Key Questions To Ask About Your Kid’s School Occupational Therapy

young boy playing with toys in ball pit

Occupational therapy during school hours is a service offered for kids in special education that are having trouble with sensory or fine motor skills. It is tempting to assume that once you have successfully had this service included in your child’s education program, you do not have to worry about him or her anymore. Regrettably, as with most things to do with special education, you will need to monitor the service so as to ensure it is being provided as scheduled, by qualified occupational therapy personnel, in an appropriate manner and place. Here are some questions to ask the school management to make it easier for you to keep an eye on things:

What is the name of the occupational therapist?


People working with children with special needs normally try to make things as easy for them as possible. For instance, they only expect the kids to remember and pronounce an easy first name or an initial. That is all fine with the kid, and for the school staff, but not so fine if you require writing a letter or making a phone call to complain about an issue and can only refer to “Mr. M.”Learn the full names of everyone who works with your child, including the therapists.

Where will the therapy occur?

Maybe there is a nice classroom-sized space for the therapist to work in, with tunnels, mats, things swinging from the ceiling, tables, rice bins, ball pits, etc. Or maybe that beautiful space is no longer available and the therapist has to make do with whatever utility room is free at the moment. These are some of the things you won’t know about if you do not ask, and keep asking throughout the year. You need to be particularly concerned if the school where your child is schooling is known to be lacking in space or is overcrowded.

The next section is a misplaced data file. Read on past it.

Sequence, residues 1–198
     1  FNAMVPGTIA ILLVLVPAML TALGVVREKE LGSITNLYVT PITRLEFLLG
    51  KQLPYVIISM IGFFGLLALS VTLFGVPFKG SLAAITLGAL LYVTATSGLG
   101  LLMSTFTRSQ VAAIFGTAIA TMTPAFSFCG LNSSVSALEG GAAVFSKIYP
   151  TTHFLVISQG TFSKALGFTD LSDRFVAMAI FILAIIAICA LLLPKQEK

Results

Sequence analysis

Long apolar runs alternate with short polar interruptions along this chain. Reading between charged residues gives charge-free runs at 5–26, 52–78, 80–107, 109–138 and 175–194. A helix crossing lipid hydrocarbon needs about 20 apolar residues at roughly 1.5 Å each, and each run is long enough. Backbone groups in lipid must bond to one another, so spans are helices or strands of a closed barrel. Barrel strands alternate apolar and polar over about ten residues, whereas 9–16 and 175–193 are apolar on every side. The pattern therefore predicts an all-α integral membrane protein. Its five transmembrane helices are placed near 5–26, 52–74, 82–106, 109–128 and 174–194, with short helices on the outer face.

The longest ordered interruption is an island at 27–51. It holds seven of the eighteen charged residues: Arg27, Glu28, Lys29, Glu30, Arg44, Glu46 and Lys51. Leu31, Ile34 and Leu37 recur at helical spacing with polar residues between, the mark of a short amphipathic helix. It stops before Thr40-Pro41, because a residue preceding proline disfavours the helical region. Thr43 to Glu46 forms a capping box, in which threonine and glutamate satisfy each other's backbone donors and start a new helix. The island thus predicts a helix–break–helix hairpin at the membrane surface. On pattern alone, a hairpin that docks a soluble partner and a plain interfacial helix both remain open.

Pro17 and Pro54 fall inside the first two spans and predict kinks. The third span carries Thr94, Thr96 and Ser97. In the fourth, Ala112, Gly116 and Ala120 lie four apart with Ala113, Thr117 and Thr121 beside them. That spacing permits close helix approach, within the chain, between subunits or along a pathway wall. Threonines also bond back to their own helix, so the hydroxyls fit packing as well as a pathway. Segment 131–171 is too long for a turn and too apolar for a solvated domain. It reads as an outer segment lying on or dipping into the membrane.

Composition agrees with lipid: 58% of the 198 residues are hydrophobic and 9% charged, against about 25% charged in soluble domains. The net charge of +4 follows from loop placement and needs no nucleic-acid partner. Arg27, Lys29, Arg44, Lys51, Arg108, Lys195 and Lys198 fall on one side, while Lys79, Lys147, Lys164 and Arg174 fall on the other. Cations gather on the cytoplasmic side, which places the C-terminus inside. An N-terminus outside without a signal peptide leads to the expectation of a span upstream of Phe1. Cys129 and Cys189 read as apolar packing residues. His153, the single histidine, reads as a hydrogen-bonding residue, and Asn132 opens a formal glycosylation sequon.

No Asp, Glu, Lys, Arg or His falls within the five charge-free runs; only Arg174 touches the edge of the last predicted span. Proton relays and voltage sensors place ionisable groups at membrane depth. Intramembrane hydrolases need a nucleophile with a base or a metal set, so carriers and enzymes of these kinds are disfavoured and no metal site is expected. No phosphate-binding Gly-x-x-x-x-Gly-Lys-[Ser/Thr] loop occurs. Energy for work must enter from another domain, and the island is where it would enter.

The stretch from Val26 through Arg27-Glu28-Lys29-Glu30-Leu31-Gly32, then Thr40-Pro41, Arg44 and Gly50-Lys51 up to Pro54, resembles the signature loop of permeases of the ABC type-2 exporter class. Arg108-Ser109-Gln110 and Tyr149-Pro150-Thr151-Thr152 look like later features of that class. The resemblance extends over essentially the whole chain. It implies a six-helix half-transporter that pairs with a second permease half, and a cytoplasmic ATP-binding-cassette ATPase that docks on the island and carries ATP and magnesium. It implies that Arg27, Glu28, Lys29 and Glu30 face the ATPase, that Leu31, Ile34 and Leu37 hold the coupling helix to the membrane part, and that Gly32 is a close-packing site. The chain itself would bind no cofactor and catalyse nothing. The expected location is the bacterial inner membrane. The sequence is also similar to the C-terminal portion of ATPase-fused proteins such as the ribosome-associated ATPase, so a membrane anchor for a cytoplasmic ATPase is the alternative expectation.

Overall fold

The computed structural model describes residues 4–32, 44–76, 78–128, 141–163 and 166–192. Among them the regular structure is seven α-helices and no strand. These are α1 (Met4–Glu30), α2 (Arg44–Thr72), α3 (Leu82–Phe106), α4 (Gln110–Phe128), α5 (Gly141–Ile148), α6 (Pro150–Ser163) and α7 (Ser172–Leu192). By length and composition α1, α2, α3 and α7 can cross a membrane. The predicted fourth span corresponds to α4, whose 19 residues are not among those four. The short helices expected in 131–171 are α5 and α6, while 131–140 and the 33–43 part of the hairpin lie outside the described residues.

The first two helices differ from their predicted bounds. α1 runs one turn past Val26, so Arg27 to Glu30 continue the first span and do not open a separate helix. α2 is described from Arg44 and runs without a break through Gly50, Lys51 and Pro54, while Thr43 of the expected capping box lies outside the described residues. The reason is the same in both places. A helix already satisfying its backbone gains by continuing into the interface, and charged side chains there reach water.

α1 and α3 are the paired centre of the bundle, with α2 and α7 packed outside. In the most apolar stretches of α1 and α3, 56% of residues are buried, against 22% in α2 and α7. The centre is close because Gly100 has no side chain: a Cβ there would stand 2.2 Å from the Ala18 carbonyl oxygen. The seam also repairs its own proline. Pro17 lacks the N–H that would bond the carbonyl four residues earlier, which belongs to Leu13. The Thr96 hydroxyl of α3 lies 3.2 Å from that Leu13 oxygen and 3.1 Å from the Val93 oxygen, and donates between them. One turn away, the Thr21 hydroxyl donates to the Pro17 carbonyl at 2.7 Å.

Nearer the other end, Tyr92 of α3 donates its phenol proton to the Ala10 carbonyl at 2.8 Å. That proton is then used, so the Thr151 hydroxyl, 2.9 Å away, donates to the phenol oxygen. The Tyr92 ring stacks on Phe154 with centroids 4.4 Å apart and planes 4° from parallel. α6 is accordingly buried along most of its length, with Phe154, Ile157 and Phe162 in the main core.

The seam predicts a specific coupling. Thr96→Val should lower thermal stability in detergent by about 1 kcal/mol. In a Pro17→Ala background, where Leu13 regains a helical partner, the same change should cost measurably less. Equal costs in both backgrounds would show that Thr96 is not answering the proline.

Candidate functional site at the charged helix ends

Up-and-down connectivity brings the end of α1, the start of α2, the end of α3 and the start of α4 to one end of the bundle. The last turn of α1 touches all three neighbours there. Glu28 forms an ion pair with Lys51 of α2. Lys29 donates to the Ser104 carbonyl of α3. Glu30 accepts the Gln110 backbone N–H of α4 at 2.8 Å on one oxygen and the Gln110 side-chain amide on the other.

Is the therapist a school employee?

Not everyone who works with kids with special needs works for your school district. Physical and occupational therapists in particular might be placed by an agency and work in several districts or schools. This might limit the times and days they are available to work with your kid. There is also a likelihood that they might be transferred if your school district change agencies or due to their agency’s demands, leaving your kid mourning a much loved therapist, and therefore having to start all over building trust with someone new. Try and find out who your kid’s occupational therapist works for so that you will know what to watch out for.

Can I observe a therapy session?

Viewing a therapy session can help you see the value of time your kid spends with the occupational therapist and discover some games, toys and fun tools you can get for him or her at home. However, note that your presence in a therapy session will be disruptive and hence should not be done on a regular basis. Ask your child’s manager to arrange it and then quietly observe how the therapist works with your kid and how he or she responds. You might be able to provide some suggestions as to how to get the kid to be more cooperative.

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